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Texas sets forth specific guidelines for determining child support in any case. Although there are many factors that come into play, generally a parent would pay 20% of net resources for one child and 25% for two children (see Child Support).
However, the Texas Family Law Code does set forth situations where deviating from those guidelines may be appropriate. A court may consider factors such as (1) the age and needs of the child, (2) the child’s education expenses beyond secondary school, (3) provisions for health insurance and payment of uninsured medical expenses, (5) each party’s period of possession and access to the child, (6) travel costs for exercising possession of and access to the child, (7) child-care expenses that allow either party to maintain gainful employment, and many several others. The full list can be viewed at Texas Family Code 154.123.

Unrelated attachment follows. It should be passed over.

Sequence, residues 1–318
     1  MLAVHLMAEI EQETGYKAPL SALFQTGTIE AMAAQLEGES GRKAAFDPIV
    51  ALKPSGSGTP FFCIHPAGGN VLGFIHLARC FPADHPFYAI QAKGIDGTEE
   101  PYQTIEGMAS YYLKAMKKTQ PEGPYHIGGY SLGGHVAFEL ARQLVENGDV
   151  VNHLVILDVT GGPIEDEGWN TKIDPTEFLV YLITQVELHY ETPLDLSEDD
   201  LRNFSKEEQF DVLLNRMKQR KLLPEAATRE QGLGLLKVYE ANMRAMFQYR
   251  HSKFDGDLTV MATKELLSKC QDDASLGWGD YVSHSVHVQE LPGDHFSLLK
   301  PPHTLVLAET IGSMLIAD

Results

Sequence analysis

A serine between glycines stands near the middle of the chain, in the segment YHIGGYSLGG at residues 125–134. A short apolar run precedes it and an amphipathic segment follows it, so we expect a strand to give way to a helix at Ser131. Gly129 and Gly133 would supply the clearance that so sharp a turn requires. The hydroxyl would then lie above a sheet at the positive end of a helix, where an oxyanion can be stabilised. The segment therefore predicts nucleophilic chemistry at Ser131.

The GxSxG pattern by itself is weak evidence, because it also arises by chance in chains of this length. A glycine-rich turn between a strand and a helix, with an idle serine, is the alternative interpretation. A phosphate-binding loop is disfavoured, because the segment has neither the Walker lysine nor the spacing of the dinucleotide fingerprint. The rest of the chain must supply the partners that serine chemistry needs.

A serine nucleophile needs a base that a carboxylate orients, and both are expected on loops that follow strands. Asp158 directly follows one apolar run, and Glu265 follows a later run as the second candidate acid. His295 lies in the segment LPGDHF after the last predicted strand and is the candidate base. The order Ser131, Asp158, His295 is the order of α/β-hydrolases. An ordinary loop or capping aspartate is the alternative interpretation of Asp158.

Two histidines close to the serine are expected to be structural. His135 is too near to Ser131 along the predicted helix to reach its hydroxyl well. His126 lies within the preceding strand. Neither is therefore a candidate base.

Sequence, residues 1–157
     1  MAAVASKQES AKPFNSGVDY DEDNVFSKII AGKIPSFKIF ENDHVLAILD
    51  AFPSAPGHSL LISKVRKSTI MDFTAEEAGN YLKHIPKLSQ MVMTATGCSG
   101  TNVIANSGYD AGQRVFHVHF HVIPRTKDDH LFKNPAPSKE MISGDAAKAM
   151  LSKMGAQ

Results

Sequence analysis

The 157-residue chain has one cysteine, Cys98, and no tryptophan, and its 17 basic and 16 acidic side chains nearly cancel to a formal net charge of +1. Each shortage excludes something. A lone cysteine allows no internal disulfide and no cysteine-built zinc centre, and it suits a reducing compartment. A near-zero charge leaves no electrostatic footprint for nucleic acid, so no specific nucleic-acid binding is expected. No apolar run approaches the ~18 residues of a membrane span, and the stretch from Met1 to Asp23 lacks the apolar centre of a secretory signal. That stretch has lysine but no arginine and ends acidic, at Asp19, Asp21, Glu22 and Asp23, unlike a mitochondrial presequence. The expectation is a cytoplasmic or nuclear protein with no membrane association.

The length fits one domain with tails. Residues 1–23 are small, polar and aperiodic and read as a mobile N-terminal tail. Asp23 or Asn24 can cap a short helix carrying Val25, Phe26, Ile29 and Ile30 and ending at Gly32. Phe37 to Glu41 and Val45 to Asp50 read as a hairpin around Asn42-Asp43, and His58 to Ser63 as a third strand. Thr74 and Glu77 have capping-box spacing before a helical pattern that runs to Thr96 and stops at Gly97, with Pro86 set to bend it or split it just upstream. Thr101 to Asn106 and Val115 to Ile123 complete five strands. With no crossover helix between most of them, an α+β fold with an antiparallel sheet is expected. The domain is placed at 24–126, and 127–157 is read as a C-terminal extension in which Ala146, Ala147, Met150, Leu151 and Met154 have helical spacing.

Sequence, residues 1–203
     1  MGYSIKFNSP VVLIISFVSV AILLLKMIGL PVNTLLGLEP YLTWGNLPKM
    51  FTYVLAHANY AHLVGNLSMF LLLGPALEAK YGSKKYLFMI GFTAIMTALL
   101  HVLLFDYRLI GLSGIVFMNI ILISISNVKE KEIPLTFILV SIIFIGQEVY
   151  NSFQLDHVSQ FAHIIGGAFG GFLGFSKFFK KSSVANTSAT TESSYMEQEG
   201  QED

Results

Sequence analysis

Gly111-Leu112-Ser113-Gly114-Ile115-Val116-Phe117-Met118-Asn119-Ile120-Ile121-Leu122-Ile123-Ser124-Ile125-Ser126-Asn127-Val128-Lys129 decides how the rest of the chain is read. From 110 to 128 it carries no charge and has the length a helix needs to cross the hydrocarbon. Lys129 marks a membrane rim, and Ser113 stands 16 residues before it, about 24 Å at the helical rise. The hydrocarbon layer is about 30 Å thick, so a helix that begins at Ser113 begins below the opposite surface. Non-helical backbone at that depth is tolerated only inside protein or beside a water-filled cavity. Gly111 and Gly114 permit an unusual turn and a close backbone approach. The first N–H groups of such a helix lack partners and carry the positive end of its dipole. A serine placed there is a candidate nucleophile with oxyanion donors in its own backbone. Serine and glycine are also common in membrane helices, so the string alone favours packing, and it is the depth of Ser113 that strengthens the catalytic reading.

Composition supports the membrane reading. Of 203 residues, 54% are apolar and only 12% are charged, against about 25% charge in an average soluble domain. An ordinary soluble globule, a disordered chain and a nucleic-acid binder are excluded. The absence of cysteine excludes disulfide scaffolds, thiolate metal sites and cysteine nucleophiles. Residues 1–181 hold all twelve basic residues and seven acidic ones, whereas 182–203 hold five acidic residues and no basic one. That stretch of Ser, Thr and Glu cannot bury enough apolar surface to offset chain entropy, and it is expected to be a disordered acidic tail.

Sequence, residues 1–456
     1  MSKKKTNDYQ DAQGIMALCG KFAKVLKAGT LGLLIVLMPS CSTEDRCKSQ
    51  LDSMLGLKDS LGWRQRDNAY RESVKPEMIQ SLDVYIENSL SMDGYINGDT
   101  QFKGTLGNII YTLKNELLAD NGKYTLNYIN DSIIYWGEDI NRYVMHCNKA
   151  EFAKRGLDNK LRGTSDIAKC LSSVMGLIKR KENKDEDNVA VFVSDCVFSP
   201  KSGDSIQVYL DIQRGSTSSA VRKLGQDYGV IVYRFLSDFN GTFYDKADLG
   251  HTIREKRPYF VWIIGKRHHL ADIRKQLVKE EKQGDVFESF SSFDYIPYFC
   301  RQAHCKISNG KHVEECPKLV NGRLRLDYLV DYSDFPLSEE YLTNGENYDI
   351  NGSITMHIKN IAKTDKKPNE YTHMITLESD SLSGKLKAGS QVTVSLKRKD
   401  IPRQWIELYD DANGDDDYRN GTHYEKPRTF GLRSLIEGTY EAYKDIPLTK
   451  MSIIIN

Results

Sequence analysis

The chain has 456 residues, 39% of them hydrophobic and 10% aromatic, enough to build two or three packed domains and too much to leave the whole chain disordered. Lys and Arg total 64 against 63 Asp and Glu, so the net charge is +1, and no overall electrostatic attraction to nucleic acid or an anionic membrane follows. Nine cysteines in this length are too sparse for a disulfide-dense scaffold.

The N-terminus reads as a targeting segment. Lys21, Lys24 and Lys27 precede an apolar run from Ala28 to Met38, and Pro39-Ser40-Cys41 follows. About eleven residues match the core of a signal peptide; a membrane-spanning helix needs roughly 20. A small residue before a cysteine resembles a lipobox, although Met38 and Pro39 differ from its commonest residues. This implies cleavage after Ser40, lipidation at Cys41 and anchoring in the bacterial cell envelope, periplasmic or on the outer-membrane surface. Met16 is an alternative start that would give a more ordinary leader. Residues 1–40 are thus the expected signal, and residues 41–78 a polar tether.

The Texas Family Code also sets forth factors that cannot be considered such as (1) a parent’s history of the voluntary payments above the ordered amounts, (2) the sex parent or child, and (3) the marital status of the child’s parents.
In most situations the courts will apply the support guidelines, but it is important to be aware of these factors in case your situation warrants it. If one parent never visits the child and as a result the other parent incurs significant additional child care costs, deviating from the guidelines may be appropriate.
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